Nearly 10 years before the French Revolution, in a widely read book called Histoire Philosophique des Deux Indes, two philosophers in Paris, Abbé Raynal and Denis Diderot, published a warning to Europe: if it didn’t soon put an end to the twin abominations of slavery and the slave trade, “an avenger” would come forth who would uproot the practice altogether. In France, this book helped inspire the revolution. And in the French Caribbean colonies, the slaves held on to this prophecy, just as in 1789 they would hold on to the words of the Declaration of the Rights of Man, one of the founding documents of the Western liberal order: “Men are born and remain free and equal in rights.” And these rights are “natural, inalienable and sacred.”
But what did the French Revolution actually do for the abolition of slavery?
As it turns out, nothing.
The Rights of the (White) Man
The revolutionaries in France were terrified at the prospect of racial equality. And the Declaration of the Rights of Man was not initially intended to include the rights of any man (let alone woman) of color. A far cry from abolition, the French Revolution declared the colonies’ slaves to be foreign nationals, blocked reforms, and constitutionally recognized slavery. It criminalized dissent against slavery, and put the properties of white colonizers under national protection. In Saint-Domingue, as Haiti was formerly called, this national “property” included 500,000 slaves.
In the late 18th century, white supremacists overpowered Saint-Domingue’s local government and twisted the revolution’s language of liberty, justice, and patriotism to justify racial divisions and crush the heads of fledgling rebels on the wheel (a torture method used for public execution). Following the French Revolution, the revolutionaries in France and the white supremacists in the colony shared the ambition of preserving their colonial plantations, which ran on slave labor and were the world’s richest producers of sugar and coffee. So it was with a measure of poetic justice emblematic of the Bastille spirit that when Saint-Domingue’s slave revolution took root, in 1791, after the publication of that fateful Histoire Philosophique, it began with the burning of these plantations and the total annihilation of the slave economy.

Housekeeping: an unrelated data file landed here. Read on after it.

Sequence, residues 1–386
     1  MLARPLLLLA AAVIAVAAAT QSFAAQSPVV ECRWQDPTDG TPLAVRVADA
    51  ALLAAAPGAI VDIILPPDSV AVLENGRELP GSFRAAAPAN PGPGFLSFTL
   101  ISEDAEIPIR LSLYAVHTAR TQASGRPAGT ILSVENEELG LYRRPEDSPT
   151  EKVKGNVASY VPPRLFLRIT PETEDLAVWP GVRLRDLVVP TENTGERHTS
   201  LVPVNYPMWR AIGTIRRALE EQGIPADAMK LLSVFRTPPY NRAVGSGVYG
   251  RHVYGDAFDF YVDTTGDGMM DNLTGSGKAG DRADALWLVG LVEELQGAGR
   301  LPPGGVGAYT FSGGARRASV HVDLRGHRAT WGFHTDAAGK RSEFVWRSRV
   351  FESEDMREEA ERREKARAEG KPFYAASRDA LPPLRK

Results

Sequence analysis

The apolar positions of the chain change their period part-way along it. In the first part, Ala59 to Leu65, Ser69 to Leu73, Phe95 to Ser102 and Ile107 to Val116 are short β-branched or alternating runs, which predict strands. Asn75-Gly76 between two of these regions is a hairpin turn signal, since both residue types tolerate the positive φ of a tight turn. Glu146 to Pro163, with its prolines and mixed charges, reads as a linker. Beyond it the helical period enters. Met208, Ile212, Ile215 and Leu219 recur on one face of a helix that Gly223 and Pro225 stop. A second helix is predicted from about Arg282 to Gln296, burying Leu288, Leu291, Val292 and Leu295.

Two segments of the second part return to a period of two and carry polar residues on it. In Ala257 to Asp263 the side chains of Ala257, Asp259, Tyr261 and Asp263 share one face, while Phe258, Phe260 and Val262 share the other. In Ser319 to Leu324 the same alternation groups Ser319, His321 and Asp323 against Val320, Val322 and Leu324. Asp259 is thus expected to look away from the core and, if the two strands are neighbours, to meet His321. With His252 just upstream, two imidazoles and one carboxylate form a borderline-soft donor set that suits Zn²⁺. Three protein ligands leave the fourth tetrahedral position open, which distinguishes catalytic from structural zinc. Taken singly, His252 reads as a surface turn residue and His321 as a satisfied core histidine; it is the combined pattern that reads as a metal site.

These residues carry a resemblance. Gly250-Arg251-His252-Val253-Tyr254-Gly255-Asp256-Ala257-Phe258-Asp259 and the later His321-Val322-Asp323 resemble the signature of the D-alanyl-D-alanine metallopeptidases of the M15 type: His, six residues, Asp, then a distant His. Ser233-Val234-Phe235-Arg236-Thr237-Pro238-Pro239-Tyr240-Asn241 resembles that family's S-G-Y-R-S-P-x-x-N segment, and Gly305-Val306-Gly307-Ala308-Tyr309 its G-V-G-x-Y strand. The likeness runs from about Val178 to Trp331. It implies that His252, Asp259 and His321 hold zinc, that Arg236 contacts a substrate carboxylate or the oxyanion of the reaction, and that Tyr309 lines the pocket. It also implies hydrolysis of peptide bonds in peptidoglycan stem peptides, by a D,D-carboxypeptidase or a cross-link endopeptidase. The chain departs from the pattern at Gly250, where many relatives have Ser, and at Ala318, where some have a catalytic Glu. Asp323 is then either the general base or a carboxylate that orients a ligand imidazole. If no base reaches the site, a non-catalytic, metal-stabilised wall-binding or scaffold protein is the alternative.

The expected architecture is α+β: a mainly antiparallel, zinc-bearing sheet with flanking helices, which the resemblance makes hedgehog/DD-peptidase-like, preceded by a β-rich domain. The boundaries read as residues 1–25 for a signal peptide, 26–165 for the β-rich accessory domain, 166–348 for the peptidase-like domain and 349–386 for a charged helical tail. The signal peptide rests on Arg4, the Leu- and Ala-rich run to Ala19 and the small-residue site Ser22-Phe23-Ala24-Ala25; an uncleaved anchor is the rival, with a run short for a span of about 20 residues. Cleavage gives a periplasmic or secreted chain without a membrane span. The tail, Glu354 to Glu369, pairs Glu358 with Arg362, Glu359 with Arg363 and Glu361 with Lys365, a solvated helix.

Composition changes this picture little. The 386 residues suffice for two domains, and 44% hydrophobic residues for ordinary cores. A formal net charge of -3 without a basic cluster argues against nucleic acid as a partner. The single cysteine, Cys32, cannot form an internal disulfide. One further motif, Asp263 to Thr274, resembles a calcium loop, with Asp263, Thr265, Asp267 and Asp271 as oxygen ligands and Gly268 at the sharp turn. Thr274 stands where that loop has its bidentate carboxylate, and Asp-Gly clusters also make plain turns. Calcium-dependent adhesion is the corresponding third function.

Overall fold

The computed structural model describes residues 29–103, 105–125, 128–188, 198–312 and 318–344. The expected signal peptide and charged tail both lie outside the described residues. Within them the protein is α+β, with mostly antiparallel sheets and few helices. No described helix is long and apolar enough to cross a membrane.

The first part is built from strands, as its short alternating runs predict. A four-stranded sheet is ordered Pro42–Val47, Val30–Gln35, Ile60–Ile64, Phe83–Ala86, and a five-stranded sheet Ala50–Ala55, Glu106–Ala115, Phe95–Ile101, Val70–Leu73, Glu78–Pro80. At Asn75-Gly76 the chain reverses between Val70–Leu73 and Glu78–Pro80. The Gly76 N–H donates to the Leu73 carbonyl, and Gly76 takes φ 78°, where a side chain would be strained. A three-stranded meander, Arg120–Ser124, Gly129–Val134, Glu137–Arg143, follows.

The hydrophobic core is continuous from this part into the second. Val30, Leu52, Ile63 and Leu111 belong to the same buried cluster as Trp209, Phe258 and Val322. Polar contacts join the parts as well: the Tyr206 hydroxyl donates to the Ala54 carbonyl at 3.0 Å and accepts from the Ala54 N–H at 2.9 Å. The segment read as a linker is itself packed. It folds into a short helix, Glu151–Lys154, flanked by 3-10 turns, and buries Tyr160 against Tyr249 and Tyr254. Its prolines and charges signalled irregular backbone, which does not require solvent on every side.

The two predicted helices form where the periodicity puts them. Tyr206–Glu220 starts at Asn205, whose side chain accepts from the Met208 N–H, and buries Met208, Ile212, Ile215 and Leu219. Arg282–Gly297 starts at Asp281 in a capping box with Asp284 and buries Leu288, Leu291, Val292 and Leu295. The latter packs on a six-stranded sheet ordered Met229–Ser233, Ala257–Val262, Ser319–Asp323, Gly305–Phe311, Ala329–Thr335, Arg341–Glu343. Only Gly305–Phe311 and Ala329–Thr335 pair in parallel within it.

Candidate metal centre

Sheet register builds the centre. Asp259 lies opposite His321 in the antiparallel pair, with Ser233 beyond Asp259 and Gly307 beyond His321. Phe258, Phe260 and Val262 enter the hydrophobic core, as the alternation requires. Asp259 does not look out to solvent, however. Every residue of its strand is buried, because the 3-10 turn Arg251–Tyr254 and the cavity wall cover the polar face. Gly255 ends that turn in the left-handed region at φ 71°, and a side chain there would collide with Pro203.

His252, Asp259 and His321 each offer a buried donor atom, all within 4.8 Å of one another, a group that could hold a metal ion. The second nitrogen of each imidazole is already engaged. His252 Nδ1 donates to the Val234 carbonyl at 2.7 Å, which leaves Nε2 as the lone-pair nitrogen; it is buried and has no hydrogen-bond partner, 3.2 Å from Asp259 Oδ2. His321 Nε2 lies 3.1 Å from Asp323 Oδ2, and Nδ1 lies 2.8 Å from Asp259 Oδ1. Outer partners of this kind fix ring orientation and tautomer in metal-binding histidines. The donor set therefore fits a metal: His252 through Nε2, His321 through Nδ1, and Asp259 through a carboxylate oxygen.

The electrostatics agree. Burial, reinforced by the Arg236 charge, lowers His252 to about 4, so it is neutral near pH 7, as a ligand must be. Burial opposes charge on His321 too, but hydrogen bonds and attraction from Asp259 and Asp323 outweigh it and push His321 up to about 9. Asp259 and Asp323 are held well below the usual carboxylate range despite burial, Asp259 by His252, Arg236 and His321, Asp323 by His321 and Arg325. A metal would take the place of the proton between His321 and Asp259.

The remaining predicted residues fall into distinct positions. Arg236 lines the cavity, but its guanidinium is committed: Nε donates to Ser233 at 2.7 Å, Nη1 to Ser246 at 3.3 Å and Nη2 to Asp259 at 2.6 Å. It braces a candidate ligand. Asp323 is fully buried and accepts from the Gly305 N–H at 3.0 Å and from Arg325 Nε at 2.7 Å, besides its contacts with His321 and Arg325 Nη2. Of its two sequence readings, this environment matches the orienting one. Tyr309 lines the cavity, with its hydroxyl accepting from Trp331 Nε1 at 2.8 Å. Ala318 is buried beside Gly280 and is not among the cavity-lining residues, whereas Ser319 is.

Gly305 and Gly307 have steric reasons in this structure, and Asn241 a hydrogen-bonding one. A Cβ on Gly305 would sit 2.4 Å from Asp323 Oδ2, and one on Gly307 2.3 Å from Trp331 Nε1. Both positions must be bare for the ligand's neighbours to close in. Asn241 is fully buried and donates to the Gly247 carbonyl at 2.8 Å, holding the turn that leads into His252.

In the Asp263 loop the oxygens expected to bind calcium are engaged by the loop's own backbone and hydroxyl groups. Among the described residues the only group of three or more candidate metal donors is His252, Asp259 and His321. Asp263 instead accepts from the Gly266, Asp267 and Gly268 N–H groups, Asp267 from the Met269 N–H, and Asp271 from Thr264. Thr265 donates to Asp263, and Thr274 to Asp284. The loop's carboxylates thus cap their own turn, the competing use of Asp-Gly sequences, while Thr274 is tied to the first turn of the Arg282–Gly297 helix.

There is a remarkable story in historian Sudhir Hazareesingh’s new book, Black Spartacus, about a colonizer who goes back to his burned plantation. Nothing remains there except for one building, which is now occupied by a commander of the slave revolt. The colonizer finds all his books have been burned except for Histoire Philosophique, which lies open to the very page where the prophecy was written. The commander is Toussaint Louverture, one of Black Power’s greatest champions and the future governor-general of Saint-Domingue—a slave in the master’s house.
The colonizer finds all his books have been burned except for Histoire Philosophique, which lies open to the very page where the prophecy was written.
Black Spartacus is the story of Toussaint Louverture and the Haitian Revolution, and a meditation on how the struggle against white supremacy and racism is one of the oldest of the human race. Slavery has ended, and empires are no more, but racism still endures. And so reading about Louverture is edifying—because when slavery was finally abolished, it was done out of political necessity, not on principle.
In 1793, the French were losing control of Saint-Domingue to the Black revolutionaries, and the emancipation of slaves was one of the methods it employed to rally support. None of the white men in power believed in the equality of the races. And yet former colonial empires such as Britain and France would still have us believe they were the ones to end slavery and free slaves. “It was the slaves themselves, by their insurrection, who had made slavery impossible,” Hazareesingh writes. If there were any principles to be held, they were held up by the people of color. Louverture believed, with fervor, that each man should be free. The revolution he engineered was for the sake of freedom, not for power. In Black Spartacus, Louverture emerges as the only principled hero of the Haitian Revolution of 1791 to 1804; the republicans, monarchists, mixed-race allies, and even Black allies of the revolution pale in comparison to Louverture’s natural intelligence and capable war strategy. In his lifetime, he destroyed slavery in two colonies—Saint-Domingue and the neighboring Santo Domingo (owned by the Spanish)—ended colonialism on Hispaniola, and unified the island (now home to Haiti and the Dominican Republic) under a new constitution.
Hazareesingh attributes the unique success of the Haitian Revolution to Louverture’s commitment to the notion of Black unity and brotherhood. Louverture unified slaves and free Blacks into an army and fought off the French, Spanish, and British Empires, at times maneuvering them to fight each other. The Black resistance was against white supremacy, regardless of nationality. The writer C. L. R. James has previously called Louverture a “Black Jacobin.” Hazareesingh reclaims Louverture from the French for Blacks and for people of color. In doing so he presents to us a portrait of an original revolutionary whose self-worth and philosophy were formed by his African ancestry—his Creole and Christian values—and who fought in the name of his philosophy and his vision of an equal Saint-Domingue, where every race lived in freedom.
Ankita Chakraborty is a writer and journalist from India